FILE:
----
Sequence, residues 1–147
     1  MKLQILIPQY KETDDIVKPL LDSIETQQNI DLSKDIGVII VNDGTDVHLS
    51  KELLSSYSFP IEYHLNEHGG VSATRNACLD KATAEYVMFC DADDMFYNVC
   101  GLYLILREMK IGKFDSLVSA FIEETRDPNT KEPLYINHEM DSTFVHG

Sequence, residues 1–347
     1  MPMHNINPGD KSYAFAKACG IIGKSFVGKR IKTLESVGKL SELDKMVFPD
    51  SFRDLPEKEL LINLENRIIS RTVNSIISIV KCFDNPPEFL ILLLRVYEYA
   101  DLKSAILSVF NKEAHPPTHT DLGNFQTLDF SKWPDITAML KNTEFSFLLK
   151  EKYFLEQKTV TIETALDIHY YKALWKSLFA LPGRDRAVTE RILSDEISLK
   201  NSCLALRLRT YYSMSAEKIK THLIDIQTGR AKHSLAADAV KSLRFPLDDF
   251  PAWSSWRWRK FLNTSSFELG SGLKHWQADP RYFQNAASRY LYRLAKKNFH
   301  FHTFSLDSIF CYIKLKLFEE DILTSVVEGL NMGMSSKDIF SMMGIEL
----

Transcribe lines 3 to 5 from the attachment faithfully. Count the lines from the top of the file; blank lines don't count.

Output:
    51  KELLSSYSFP IEYHLNEHGG VSATRNACLD KATAEYVMFC DADDMFYNVC
   101  GLYLILREMK IGKFDSLVSA FIEETRDPNT KEPLYINHEM DSTFVHG

Sequence, residues 1–347